Happy (?) Anniversary

By DAVID MOON, Moon Capital Management
March 13, 2005

Anniversaries are special times. When were you married? When was your first date? When were you divorced? What about the day you started work at your current job? We love to recognize and celebrate important and meaningful events in our lives.

Do you remember the big event from five years ago this week? It was the peak of irrational exuberance.

Five years ago, the NASDAQ Composite was 150 percent higher than it is today. The S&P 500 was 22 percent higher. The Dow Jones Industrial Average, which was never as grossly overpriced as either the NASDAQ or S&P 500, is about where it was five years ago, after recovering from a 35 percent decline. Even after the significant increases of the last two years, many stock investors are less well off than they were five years ago. Sadly, some 401(k) investors still have smaller account balances even after including their contributions over the last five years.

March 2000 is an anniversary to remember, not celebrate.

If we are going to remember it, what should we have learned from the last five years?

Don't buy a stock simply because it has gone up in price. All else being equal, it makes more sense to buy a stock after a price decline rather than an increase. Wouldn't you rather buy something on sale?

Stock prices do have a long-term tendency to increase. This does not mean they will not occasionally decline, sometimes significantly.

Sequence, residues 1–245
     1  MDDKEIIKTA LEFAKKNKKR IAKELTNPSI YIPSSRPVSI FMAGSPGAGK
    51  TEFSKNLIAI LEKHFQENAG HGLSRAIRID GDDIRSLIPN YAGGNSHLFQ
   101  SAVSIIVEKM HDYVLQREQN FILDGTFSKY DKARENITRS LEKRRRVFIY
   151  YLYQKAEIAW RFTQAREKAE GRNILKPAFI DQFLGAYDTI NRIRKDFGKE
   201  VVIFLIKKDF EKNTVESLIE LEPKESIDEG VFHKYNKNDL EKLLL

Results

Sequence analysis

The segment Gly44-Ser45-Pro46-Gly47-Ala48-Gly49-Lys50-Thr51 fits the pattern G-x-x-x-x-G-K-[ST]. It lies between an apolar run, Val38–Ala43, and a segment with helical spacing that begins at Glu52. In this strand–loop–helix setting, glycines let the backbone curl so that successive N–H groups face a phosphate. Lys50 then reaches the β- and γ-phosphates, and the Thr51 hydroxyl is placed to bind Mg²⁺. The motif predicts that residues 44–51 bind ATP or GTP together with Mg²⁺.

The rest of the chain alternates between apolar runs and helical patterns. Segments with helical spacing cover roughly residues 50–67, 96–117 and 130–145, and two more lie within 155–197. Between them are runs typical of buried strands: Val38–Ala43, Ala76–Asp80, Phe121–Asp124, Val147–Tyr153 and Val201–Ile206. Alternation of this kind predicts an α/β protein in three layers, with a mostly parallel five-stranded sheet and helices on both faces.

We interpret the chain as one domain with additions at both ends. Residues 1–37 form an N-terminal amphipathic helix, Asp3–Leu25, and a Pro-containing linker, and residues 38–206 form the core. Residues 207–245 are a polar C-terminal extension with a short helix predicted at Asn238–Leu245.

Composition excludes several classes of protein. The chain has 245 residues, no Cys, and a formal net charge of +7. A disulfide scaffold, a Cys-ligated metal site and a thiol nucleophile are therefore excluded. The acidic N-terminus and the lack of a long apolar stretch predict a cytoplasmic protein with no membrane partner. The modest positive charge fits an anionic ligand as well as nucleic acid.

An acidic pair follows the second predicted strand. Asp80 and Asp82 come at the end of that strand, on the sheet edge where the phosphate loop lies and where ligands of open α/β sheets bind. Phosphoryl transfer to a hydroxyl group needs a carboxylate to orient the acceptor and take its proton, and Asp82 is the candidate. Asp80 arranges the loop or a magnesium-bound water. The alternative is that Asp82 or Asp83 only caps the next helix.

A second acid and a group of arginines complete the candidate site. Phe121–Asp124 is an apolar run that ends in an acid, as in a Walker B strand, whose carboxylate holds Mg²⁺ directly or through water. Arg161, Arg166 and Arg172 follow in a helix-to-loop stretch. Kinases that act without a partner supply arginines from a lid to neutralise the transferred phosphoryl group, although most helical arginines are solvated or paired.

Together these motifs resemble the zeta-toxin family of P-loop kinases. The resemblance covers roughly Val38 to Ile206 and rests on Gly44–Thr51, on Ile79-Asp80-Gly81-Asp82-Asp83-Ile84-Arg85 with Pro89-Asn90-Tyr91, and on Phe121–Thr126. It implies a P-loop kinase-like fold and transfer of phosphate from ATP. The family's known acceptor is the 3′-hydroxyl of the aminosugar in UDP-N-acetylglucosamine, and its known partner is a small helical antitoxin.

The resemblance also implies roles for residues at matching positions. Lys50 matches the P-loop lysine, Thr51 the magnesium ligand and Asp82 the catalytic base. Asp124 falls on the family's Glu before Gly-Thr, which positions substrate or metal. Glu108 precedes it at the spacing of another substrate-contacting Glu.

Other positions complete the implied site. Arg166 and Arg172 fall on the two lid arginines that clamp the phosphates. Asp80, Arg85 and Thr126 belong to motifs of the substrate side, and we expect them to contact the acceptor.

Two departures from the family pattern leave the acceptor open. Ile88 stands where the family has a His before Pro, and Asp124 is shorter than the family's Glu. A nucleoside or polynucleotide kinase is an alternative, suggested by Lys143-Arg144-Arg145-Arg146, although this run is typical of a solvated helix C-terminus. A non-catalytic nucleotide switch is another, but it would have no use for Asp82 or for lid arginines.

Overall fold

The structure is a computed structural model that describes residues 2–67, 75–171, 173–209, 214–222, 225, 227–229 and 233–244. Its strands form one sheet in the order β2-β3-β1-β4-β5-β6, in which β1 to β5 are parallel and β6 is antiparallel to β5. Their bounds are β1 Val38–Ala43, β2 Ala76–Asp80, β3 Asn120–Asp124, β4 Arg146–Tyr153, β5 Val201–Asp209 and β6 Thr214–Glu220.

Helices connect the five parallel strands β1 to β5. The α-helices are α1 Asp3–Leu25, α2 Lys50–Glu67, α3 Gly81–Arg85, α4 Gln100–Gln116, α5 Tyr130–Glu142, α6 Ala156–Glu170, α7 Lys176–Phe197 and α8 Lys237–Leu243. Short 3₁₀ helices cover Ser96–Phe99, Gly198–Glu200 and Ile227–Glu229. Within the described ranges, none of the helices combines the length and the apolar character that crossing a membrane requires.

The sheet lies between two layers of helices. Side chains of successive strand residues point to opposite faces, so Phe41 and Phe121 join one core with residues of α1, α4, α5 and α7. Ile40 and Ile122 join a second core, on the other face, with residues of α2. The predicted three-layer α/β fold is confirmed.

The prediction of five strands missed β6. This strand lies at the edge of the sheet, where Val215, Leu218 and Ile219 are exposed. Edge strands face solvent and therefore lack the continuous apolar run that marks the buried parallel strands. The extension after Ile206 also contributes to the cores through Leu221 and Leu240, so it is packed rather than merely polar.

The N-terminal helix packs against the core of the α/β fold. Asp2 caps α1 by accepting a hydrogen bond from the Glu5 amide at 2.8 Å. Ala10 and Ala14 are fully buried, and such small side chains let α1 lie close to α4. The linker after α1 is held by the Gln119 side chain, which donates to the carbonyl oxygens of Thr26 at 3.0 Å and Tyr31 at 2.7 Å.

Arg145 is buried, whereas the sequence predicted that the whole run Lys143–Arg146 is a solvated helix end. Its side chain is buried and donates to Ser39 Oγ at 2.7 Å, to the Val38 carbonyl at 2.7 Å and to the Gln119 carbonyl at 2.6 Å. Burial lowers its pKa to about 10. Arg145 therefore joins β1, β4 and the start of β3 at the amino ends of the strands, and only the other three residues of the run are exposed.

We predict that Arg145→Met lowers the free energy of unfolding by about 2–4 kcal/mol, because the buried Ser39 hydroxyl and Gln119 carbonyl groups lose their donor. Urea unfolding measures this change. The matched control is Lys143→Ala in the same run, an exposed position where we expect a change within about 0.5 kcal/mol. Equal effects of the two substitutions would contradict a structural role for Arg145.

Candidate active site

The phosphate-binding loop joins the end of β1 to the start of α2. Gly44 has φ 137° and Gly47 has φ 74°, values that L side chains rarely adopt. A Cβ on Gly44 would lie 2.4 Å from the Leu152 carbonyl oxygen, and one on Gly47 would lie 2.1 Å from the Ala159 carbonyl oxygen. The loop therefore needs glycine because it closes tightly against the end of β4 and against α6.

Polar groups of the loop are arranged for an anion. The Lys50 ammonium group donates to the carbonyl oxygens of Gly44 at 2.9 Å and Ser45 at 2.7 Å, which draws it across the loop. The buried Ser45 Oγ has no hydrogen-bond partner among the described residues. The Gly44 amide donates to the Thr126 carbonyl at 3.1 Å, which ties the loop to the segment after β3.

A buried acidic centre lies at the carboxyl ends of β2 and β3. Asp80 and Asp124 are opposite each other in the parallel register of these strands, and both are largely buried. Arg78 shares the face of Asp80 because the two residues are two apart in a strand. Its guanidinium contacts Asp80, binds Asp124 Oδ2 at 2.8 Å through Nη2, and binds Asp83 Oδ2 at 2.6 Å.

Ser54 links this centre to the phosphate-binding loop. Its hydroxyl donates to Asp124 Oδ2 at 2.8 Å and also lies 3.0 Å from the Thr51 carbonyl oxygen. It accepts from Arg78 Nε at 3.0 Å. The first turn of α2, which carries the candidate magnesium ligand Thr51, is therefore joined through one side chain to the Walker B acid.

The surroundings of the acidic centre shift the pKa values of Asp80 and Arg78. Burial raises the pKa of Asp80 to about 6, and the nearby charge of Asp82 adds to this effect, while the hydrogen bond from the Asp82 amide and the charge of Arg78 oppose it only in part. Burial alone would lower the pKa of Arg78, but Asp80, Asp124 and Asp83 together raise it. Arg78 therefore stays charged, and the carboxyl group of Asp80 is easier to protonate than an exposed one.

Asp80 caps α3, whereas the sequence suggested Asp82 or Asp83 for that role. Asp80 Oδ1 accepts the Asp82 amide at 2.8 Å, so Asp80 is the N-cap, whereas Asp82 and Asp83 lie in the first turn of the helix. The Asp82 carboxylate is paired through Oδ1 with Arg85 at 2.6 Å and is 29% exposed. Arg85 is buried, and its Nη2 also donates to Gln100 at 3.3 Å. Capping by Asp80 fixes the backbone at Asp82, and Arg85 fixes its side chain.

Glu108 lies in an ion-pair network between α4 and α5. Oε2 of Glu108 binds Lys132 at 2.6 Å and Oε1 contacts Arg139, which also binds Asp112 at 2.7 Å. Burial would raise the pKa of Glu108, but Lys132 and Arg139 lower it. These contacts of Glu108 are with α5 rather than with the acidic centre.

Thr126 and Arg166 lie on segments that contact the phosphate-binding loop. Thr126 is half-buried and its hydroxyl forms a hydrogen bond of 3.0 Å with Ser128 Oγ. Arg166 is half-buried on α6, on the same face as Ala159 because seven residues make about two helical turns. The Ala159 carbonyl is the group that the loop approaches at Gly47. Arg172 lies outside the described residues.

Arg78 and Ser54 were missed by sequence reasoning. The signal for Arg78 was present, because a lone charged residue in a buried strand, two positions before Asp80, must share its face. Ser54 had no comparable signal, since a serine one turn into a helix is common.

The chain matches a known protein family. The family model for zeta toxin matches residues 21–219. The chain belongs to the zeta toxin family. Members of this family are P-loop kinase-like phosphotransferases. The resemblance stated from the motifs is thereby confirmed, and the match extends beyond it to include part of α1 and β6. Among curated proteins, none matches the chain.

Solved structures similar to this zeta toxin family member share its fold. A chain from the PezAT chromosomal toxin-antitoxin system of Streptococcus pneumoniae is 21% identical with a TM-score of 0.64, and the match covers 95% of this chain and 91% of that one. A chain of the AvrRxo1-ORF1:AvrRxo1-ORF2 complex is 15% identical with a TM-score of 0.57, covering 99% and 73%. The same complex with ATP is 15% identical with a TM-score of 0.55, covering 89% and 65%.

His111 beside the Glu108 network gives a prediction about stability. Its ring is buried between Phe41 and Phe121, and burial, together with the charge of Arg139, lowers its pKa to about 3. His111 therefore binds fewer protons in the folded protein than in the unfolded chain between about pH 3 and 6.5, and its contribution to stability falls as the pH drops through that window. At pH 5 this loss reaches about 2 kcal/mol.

Buying a stock simply because everyone else is buying it is a pretty silly investment strategy. Buying a stock because your barber or a fancifully dressed stranger on an airplane is buying it is stupid.

Lots of startup companies fail, even if they have great stories, product ideas and management teams.

Earnings are not unrelated to the value of a company. The value of a company is not unrelated to its price.

An investor ought to have a working knowledge of financial statements. Fewer people in the financial industry understand financial statements than most clients would believe.

It is easier to be wrong than it is to be different.

When people start talking about there being 'a new investment paradigm,' you better find the old investment paradigm.

It may be hard to teach an old dog new tricks, but it is almost impossible to teach a new dog old tricks. (From Warren Buffett.)

If you don't know what a company is worth when you buy its stock, it's real hard to know when to sell it.

Previous price movement is a poor method of picking a stock or predicting future stock price movements.

If a company spends more time selling its stock than selling its product, you ought to avoid the stock. The CEOs of unprofitable start-up companies should not fly first class or make more than a million dollars a year.

Declining stock prices provide opportunities for investors who aren't compelled to be fully invested at all times, regardless of valuations.

Beating the market indices is a lot easier if you aren't obsessed with mimicking, tweaking or being influenced by those indices.

David Moon is president of Moon Capital Management, a Knoxville-based investment management firm. This article originally appeared in the News Sentinel (Knoxville, TN).

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